As a food blogger, my site was always super image-heavy. I use 3-4 photos per post in most instances, and they are all large.
The imagery is what made me fall in love with this business to begin with, so maintaining the quality of those images I worked so hard on is really important.
But…so is Google.
And while I loved my huge >1MB images, — my website loading times and Google — did NOT.
It produces next generation WebP images designed to be automatically served by Trellis, and is by far the fastest, easiest, and most user friendly way to serve up images fast and light for readers, especially on mobile.
Trellis Images is only available as part of using the Trellis WordPress Framework, as they work in concert together. If you’ve yet to make the jump to Trellis, you may find this tutorial for ShortPixel helpful.
On my journey for great image compression, I went around a few corners.
My first stop was EWWW Image Optimizer. I really liked that tool, and how well it worked, but it didn’t quite make Google happy so I knew I needed something else. It is possible that this can be done with EWWW, but I didn’t dig into it before finding a recommendation in Autoptimize for Short Pixel.
I found Short Pixel very easy to use, and it not only produced great results, but my images still look great.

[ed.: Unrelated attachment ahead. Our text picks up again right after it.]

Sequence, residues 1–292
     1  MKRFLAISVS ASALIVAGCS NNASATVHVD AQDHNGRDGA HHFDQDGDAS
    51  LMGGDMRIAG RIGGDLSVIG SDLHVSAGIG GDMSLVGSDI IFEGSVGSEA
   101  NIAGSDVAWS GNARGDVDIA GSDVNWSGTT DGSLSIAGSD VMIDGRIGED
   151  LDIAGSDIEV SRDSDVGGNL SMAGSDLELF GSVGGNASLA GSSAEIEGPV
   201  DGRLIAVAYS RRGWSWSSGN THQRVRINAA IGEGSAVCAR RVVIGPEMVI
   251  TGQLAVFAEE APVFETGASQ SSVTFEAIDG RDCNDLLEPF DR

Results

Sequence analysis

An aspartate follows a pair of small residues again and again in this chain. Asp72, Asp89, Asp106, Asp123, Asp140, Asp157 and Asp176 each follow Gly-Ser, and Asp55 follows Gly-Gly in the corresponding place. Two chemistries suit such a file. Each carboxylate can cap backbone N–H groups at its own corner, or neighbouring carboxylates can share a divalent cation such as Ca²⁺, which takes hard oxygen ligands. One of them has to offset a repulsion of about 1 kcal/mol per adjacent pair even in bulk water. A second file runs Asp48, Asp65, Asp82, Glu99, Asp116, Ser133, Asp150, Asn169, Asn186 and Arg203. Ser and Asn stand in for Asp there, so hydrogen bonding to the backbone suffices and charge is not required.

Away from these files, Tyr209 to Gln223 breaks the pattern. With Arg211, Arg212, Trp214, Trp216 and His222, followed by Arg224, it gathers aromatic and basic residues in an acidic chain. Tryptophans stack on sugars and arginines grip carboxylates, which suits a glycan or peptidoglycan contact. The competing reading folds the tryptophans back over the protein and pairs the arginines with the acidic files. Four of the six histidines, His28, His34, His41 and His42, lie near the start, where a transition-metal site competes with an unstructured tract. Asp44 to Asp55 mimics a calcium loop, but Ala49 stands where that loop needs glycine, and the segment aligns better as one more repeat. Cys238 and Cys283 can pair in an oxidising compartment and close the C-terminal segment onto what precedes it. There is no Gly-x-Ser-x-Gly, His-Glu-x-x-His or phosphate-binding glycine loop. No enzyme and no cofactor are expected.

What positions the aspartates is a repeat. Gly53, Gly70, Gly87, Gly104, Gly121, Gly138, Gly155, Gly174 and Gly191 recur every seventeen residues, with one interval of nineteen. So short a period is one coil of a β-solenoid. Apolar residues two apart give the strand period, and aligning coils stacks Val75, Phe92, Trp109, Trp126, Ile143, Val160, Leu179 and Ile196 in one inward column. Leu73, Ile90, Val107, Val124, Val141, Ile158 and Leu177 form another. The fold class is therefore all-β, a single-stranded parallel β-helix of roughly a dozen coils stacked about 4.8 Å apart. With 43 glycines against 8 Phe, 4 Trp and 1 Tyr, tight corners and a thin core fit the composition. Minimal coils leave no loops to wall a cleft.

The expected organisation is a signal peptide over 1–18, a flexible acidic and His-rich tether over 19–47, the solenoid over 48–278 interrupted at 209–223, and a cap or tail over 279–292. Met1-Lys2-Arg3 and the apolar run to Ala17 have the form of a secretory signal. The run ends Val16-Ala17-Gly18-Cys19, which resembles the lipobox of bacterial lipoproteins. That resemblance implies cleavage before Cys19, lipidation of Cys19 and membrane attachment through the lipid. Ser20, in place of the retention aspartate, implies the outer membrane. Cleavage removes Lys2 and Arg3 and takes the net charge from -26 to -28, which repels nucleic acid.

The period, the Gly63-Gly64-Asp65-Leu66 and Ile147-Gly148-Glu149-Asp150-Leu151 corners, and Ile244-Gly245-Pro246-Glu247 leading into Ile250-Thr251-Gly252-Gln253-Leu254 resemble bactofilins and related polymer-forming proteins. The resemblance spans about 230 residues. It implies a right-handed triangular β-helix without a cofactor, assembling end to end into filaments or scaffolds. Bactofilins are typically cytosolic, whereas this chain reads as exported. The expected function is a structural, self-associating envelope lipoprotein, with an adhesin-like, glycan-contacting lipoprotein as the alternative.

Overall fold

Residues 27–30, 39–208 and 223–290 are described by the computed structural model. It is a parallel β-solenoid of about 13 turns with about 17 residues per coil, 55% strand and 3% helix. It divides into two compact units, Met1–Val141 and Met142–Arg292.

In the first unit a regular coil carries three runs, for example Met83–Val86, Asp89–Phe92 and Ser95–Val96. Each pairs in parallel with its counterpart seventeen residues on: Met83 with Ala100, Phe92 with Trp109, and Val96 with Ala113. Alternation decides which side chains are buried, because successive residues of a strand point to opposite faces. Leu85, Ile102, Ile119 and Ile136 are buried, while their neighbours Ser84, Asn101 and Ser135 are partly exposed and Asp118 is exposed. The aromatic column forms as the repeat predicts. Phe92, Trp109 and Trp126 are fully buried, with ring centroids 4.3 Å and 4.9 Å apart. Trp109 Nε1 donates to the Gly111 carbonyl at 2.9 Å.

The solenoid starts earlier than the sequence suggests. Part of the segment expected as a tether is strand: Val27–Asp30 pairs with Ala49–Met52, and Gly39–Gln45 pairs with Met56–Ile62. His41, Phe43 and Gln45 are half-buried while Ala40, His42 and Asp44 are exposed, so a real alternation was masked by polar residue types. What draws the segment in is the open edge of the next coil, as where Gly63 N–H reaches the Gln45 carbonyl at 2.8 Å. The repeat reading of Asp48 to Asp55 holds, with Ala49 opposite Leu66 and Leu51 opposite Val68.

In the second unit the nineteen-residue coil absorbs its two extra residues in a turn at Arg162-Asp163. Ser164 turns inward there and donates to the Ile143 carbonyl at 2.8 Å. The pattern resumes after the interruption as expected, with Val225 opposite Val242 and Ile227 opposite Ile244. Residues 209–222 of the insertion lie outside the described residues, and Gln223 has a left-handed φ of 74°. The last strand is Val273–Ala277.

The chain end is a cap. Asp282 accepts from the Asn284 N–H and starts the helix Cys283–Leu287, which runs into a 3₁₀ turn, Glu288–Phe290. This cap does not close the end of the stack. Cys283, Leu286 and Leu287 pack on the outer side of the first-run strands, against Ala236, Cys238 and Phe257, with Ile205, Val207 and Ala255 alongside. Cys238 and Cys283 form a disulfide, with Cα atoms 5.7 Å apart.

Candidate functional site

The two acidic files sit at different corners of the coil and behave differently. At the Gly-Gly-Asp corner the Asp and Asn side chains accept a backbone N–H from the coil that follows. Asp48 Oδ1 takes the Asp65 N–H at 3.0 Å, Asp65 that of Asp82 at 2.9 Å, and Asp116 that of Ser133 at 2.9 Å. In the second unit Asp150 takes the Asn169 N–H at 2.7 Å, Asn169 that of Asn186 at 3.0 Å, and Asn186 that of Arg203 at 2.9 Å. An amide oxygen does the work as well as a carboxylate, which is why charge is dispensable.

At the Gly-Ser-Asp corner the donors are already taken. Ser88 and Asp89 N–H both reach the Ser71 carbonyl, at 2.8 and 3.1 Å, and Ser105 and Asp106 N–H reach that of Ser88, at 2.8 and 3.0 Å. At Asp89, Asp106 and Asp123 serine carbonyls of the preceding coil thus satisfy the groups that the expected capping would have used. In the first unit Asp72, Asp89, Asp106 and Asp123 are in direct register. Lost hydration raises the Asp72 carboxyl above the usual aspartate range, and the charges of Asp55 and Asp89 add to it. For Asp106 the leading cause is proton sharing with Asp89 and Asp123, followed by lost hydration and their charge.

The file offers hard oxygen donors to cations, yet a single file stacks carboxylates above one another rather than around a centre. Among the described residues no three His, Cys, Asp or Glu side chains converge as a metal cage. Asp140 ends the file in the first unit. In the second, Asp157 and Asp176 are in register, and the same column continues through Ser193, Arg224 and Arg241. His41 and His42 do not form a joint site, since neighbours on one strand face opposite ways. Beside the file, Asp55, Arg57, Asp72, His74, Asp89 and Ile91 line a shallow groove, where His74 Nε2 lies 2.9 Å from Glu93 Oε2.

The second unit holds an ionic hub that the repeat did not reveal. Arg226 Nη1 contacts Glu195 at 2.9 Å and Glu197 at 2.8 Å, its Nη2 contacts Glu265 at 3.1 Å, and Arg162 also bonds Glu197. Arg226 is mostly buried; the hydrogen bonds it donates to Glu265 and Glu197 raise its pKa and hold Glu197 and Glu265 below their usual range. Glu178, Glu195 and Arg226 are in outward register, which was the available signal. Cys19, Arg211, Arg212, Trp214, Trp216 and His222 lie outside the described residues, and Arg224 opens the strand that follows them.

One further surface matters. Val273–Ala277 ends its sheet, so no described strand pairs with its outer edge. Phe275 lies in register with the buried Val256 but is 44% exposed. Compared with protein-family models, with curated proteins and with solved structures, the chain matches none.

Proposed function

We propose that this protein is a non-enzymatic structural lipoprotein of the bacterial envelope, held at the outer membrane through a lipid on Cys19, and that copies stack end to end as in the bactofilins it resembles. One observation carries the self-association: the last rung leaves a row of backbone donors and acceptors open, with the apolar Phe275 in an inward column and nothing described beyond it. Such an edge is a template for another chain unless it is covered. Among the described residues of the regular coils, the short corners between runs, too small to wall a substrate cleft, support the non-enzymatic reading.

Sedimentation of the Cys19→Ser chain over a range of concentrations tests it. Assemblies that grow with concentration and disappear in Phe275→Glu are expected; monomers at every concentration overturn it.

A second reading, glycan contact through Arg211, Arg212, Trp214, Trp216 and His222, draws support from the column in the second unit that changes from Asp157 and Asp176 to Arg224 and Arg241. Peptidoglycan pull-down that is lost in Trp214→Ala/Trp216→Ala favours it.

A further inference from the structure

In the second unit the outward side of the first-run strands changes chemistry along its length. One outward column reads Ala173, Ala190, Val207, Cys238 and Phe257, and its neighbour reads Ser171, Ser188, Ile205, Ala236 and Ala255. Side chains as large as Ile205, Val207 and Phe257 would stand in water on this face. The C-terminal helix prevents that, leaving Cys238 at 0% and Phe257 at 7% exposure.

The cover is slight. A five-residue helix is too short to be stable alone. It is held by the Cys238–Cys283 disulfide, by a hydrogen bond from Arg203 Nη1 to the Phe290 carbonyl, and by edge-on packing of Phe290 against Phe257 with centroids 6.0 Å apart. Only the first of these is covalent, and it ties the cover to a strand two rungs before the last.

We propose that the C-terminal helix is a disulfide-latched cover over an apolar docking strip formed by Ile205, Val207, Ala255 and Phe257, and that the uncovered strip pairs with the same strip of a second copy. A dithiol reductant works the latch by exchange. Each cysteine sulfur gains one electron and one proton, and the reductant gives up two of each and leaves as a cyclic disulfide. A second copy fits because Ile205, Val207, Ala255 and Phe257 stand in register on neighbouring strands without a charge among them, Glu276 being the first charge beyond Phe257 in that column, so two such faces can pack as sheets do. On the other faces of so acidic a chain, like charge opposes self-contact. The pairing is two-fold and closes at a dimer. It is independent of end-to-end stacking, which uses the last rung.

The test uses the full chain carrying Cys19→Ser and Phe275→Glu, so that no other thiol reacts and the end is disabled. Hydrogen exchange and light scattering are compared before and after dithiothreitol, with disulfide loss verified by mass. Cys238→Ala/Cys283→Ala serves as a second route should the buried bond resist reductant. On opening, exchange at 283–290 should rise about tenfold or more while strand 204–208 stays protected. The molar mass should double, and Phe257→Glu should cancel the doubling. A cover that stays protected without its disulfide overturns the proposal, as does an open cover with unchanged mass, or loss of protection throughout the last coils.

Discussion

I find that there IS a slight noticeable different in quality between the two versions (optimized on the left/original on the right), but the speed boost it gave is well worth it, in my opinion.
Using this tool as well as Autoptimize, caching, and some magic conducted by my awesome hosts at Agathon behind the scenes, I went from having a PageSpeed Insights (PSI) score in the 20’s on both desktop and mobile to this:
Short Pixel works well for me, because it was really easy to set up, had an intuitive interface, and wasn’t super expensive. I signed up for a monthly subscription, and bought a one-time batch of credits to get through the initial optimization of every image, I’ve ever uploaded, including thumbnail versions.
To run this on your WordPress site, just download the plugin from the WordPress gallery.
Activate it, and you’ll be instructed to grab an API key. It is free, so just enter in your email and follow the prompts.
If you need more credits to optimize all of your images, log in and buy some. The process is super simple. After your purchase, check out the Media menu in WordPress and go to Bulk ShortPixel.
If you have a lot of images, like I did, this is going to take a few days. So keep that one browser window open, and carry on with your bad self in other tabs or windows. If you are anything like me, you’ll have about 50 open at any given time anyway.
I left my laptop open overnight for a few nights, and a few days, and it was done!
Going forward, there’s a setting that’ll automatically optimize any new images you upload to your site.
Combine that with caching and compression, and you’re going to be on your way to being a Page Speed Insights rockstar!
While you are waiting for ShortPixel to do its thing, make sure to check out our Ultimate Easy SEO Guide. Also, make sure when you test your site in PSI to add “?test=pagespeed” to the end of the url, without the quotes. This will make sure we’re serving lightweight placeholder ads so your score isn’t impacted by a random bad ad, and you can focus on actual site issues that can be improved and fixed.
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